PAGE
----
Tuesday, January 31, 2012

An update on all the people not running for Liberal leadership - Part 2

Yesterday, I looked at the ten names being tossed around most frequently for Liberal leadership - Rae, Leblanc, Trudeau, McGuinty^2, Garneau, Brison, Coderre, Cauchon, and Kennedy.

Today, a look at some long-shot candidates.

Mark Carney: The Bank of Canada governor would have instant credibility on the economy and, unlike many bankers, he's not uncharismatic. There is, of course, still the question of whether or not he's a Liberal - but no one seems too concerned about that.

Naheed Nenshi: The superstar Mayor of Calgary set Twitter abuzz when he tried out his French at a Toronto speech last year. I'd love to see Naheed toss his cowboy hat into the ring, but we're still 5 or 10 years away from having this conversation. At the rate we're going, the Liberals will have cycled through another three leaders by the time Nenshi is ready to run.

Gregor Robertson: Like Nenshi, the assumption is that Vancouver's Mayor will one day run provincially or federally. Yes, he was an NDP MLA provincially, but that's never stopped anyone from running for Liberal leader before, nor should it.

Ralph Goodale: There's a movement afoot to convince Goodale to run. Admittedly, his age and his french would make him a long shot, but the race would benefit immensely by having a Western Canadian of his stature in it.

Amanda Lang: To the best of my knowledge, there is only one Liberal in the country floating her name as a possible leadership candidate, but it may not be as far fetched as it sounds. We've seen media personalities jump to politics before, and as a business reporter she could make the economy her issue. And hey, her dad was a Liberal MP! I have no idea how she'd fare in the political game, but the idea of a well-spoken, attractive 41 year old woman from Manitoba leading the party certainly sounds good on paper.

Mark Holland: Young and fiery, Holland can give one heck of a speech. Even if he doesn't run for leader, I'd be shocked if he doesn't try to win back his seat in 2015.

Navdeep Bains: Another young star who lost his seat last May. Bains could count on widespread support from the Sikh community if he ran.

Martha Hall Findlay: Rev up the engine on the big red bus! The darling of the 2006 leadership race would enter this contest with a higher profile and would be treated as a "top tier" candidate by the media out of the gate.

Siobhan Coady: Any tour of "defeated rising stars" should include Coady, a well liked MP who can ask tough questions with emotion and confidence.

Geoff Regan: As a Liberal MP who has been in Ottawa for a decade and is still young enough to run, Regan should not be overlooked. Jane Taber recently floated his name as a possible candidate.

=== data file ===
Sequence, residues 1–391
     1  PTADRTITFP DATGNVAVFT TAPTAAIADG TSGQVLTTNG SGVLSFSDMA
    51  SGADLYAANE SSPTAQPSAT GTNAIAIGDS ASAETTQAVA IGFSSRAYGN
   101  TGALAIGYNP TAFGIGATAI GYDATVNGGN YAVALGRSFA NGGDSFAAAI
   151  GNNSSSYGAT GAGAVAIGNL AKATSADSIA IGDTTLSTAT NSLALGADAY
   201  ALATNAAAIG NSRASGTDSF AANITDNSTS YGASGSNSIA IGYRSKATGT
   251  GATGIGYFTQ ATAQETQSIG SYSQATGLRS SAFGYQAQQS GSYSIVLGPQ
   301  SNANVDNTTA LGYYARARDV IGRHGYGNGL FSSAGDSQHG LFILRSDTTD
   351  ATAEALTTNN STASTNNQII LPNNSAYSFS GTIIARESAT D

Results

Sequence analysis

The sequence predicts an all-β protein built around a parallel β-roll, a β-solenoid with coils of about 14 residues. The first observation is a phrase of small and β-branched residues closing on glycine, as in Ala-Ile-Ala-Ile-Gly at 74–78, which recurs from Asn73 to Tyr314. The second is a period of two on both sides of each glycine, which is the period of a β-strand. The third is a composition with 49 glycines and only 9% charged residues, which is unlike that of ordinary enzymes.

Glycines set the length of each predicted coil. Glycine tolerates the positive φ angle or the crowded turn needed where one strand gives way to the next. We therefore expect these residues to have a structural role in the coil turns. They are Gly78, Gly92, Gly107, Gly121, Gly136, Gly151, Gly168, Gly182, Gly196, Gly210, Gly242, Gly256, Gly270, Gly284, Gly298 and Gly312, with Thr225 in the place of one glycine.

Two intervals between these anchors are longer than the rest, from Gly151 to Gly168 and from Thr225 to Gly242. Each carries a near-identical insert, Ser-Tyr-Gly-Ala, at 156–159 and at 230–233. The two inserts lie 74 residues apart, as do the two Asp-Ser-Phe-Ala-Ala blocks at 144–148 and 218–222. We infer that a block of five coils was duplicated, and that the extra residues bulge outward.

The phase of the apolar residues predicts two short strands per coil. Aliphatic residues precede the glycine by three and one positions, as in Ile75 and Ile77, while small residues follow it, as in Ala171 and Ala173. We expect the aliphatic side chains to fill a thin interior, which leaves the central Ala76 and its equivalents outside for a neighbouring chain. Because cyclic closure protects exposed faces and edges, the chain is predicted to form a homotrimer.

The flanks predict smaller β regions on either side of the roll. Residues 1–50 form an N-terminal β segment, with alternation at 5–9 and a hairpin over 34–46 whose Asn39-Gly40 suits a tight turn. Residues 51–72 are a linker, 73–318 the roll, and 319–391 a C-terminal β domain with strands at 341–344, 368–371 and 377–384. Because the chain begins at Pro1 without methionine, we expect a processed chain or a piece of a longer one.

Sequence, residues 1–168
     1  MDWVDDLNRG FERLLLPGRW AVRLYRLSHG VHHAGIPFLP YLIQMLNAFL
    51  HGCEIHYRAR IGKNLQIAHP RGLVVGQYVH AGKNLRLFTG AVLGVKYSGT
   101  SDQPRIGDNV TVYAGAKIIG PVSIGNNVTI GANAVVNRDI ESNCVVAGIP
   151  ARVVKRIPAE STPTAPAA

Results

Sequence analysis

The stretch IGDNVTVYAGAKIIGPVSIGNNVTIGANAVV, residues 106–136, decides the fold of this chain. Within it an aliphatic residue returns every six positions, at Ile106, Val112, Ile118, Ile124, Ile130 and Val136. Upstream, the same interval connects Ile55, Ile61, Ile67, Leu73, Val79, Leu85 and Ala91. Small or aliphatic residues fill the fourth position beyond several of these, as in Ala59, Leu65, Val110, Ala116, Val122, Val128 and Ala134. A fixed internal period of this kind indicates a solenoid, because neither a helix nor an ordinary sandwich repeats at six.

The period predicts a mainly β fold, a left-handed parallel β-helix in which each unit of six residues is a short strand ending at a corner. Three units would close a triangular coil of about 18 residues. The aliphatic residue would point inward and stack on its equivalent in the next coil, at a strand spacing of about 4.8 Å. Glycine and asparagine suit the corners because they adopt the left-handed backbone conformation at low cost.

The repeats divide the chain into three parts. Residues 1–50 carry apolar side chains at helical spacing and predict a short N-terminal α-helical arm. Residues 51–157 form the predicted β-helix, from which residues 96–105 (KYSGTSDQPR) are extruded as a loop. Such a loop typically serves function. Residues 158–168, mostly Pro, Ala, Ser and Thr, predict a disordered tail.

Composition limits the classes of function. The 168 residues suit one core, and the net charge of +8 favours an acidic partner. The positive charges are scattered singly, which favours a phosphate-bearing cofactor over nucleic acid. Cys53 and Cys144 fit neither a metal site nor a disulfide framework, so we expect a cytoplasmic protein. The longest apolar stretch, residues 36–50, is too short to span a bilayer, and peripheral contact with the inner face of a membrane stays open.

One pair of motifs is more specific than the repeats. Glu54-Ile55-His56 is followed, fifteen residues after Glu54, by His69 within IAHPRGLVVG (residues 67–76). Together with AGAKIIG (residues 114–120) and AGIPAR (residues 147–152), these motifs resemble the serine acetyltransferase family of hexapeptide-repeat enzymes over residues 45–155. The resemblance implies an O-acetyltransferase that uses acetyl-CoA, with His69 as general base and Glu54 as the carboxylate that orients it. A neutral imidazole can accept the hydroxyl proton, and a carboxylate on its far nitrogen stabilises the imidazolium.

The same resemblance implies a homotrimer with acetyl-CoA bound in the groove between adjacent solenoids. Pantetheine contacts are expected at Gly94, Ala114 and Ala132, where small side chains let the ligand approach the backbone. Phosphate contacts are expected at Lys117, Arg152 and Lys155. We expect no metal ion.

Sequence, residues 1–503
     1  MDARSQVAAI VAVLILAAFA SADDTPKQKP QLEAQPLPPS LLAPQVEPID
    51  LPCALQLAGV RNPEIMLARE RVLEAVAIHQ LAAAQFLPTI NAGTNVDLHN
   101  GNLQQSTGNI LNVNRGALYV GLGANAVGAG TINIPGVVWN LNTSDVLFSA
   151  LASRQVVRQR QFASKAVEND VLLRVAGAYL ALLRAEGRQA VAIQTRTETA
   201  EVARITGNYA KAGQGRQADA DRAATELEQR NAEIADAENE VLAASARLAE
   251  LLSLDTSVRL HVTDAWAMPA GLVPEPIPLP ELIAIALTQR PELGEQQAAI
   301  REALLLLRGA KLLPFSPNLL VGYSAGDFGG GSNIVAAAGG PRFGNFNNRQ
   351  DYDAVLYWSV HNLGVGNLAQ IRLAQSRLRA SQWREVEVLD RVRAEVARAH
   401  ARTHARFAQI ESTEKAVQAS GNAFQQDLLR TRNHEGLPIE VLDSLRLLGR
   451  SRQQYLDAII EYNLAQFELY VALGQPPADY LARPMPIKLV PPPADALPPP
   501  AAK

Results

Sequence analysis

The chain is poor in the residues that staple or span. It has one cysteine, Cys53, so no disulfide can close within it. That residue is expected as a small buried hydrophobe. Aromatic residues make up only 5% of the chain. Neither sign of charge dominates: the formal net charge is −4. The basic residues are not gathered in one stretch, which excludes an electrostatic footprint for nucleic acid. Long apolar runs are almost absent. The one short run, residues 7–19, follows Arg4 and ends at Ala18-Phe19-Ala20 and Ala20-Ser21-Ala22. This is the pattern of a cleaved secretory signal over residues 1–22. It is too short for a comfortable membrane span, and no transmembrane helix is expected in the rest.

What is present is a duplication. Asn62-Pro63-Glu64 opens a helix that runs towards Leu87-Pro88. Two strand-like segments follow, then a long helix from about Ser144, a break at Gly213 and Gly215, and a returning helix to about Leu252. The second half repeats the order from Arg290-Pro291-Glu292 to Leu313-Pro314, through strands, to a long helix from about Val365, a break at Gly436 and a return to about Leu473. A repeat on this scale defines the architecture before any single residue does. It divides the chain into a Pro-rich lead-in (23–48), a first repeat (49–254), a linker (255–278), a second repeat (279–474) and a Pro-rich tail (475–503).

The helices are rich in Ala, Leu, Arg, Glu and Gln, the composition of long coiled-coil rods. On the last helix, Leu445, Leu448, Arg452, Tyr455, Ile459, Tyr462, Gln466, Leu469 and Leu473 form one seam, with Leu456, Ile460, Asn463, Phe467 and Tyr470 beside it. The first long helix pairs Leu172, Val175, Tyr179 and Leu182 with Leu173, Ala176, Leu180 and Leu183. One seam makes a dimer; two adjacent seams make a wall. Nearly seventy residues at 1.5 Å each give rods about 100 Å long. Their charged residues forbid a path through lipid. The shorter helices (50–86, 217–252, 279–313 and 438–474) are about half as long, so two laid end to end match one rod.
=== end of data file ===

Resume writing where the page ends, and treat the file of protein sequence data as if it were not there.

Jane Stewart: She's an accomplished women, with an impressive resume inside and outside of politics. As the "Draft Jane" team says, "everybody loves Jane". She's said she isn't running, but so has everyone else - we may yet get a "See Jane Run" headline or two.

Sheila Copps: She ran her presidential campaign as if she was running for leader. Even though she didn't win, she raised her profile and put a team together - two things that could be useful should she decide to try for the top prize again.

Jean-Marc Fournier: It wouldn't surprise me to see a provincial politician jump into this race, a la Kennedy in 2006, and Fournier is the name I've heard the most rumours about. Quebec's Justice Minister worked in Michael Ignatieff's office so he has federal connections to complement his 15 years of experience in provincial politics. Of course, with a resume like this, he might have his sights set on Jean Charest's job.

Borys Wrzesnewskyj: The Epoch Times, the must-read source for all your Liberal leadership gossip, reported that Wrzesnewskyj is planning a leadership bid, much to the horror of journalists everywhere who will now need to learn how to spell and pronounce his name.

Robert Ghiz: The 37 year old Premier of PEI has said "never say no" but wants to spend time with his two young children.

Belinda Stronach: She made some noise prior to the convention, so I wouldn't rule out a return to politics.

Andrew Coyne: There are Facebook ads and buttons, making this the best funded campaign to date.

Frank McKenna: You all knew this was coming as the punch line. Yet two commenters on David Akin's blog and one delegate I talked to in Ottawa suggested McKenna un-ironically. Some rumours will never die...

That's 28 names I've floated over the past two days, and I expect we'll hear a few others before all is said and done. By all means, float some more in the comments section.

Given the mood for change in the Liberal Party, it wouldn't at all surprise me if someone we're not even talking about ends up winning this thing.

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